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The Structure of Property Law: F3:2.2

Re Vandervell (No 2)

[1974] 1 Ch 269

(see pp 573-5)


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re Vandervell (No 2):Initial position (following on from Vandervell v IRC

Option to buy the shares

C

holds shares

A2

A2 holds the option on Resulting Trust for B1

B1


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re Vandervell (No 2):The attempted transaction

  • A2 holds its option to buy the shares on Trust for B1

A2 = option

  • B1 orally directs A2: i) to use money A2 holds on Trust for B2 (B1’s children) to exercise the option and thus acquire the shares; and then ii) to hold the shares on Trust for B2

B1


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re Vandervell (No 2):The question

A2 = shares

- Can B1’s oral direction, coupled with A2’s use of money held on Trust for B2 to exercise the option, lead to A2 holding the shares on Trust for B2?

B2??


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re Vandervell (No 2): The analysis of B1’s plan

A2 = option

A2 = shares

B1

B2

Stage 1

Stage 2


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Analysing re Vandervell (No 2)

  • From one point of view, the attempted transaction seems very close to that in Grey v IRC (see next slide) and in that case, the House of Lords held that signed writing was necessary

  • if signed writing is required, then, A2 holds the shares on Trust for B1 as:

    • i) A2 held the initial option on Trust for B1; and

    • ii) The shares are the product of that option


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Grey v IRC: House of Lords: Stage 2 cannot be reached without signed writing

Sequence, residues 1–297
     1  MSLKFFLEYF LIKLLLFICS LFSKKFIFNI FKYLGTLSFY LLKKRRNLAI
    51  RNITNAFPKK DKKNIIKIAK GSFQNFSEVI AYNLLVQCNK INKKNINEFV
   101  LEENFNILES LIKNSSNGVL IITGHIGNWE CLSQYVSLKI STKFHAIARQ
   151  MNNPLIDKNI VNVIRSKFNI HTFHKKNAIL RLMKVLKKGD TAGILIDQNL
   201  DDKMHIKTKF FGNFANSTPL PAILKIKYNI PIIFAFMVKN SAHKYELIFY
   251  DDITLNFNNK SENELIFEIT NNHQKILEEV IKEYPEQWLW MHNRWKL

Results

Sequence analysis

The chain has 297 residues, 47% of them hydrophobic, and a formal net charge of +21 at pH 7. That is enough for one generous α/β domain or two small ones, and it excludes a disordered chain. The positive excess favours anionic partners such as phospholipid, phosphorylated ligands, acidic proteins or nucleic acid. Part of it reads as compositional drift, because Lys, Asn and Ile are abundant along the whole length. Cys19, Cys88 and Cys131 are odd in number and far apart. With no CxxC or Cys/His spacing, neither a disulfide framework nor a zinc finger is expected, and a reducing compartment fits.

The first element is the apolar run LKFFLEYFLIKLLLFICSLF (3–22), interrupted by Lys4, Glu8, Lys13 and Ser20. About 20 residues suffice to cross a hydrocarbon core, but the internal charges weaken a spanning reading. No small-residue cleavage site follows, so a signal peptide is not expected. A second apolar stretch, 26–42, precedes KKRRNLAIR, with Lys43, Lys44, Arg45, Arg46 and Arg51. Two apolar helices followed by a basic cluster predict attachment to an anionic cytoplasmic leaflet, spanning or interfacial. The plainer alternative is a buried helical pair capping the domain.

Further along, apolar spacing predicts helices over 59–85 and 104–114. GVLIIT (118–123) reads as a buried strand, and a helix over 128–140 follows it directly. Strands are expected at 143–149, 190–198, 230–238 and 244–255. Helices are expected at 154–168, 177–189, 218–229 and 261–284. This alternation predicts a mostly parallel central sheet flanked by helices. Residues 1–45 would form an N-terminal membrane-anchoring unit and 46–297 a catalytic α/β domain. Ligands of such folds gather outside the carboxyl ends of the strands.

A = shares

A = shares

Need writing: s 53(1)(c)

B1

B2

Stage 1

Stage 2


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Analysing re Vandervell (No 2)

  • From a different point of view, the attempted transaction seems analogous to that in Vandervell v IRC (see next slide) as A2’s involvement is necessary for the transaction to take place (A2 must exercise the option to buy the shares)

  • if signed writing is not required, then A2 holds the shares on Trust for B2 as:

    • i) A2 held the initial option on Trust for B1; but

    • ii) B1 has successfully directed that the shares should be held on Trust for B2


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Vandervell v IRC:House of Lords: Stage 2 can be reached without signed writing

A

C

No need for writing: not a “disposition” of B1 right under the Trust

B1

Stage 1

Stage 2


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Analysing re Vandervell (No 2)

  • An important question is whether the attempted transaction in re Vandervell (No 2) is closer to that in Grey (where writing was required) or that in Vandervell v IRC (where no writing was required)

  • one crucial distinction with Grey may be that at Stage 1 in re Vandervell (No 2), A2 holds the option on Trust for B1; whereas at Stage 2, A2 holds the shares on Trust for B2

  • so in re Vandervell (No 2), as in Vandervell v IRC, no writing is required as the trustee is necessarily involved in the transaction


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Analysing re Vandervell (No 2)

  • A further important factor in re Vandervell (No 2) is that, in contrast to Grey v IRC, B2’s acquisition of a right under the Trust need not depend solely on B1’s consent

  • In re Vandervell (No 2), B2 can argue that he has acquired a right under a Resulting Trust of the shares held by A2: those shares are the product of the money used by A2 to exercise the option; and that money was held by A2 on Trust for B2

  • so in re Vandervell (No 2) no writing is required as B2’s right arises under a Resulting Trust


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re Vandervell (No 2):the Court of Appeal: Stage 2 can be reached without signed writing

A2 = option

A2 = shares

No need for writing: not a “disposition” of B1 right under the Trust

B1

B2

Stage 1

Stage 2


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Justifying the decision in re Vandervell (No 2) ?

  • The judges in the Court of Appeal gave a number of unconvincing reasons as to why no writing was required; but their decision may nonetheless be justified

  • i) as in Vandervell v IRC, A2 was necessarily involved in the transaction – so there was no need for signed writing enabling A2 to discover the identity of B2

ii) in contrast to Grey v IRC, B2 did not claim to have acquired a right solely as a result of B1’s consent: instead, B2 could rely on a Resulting Trust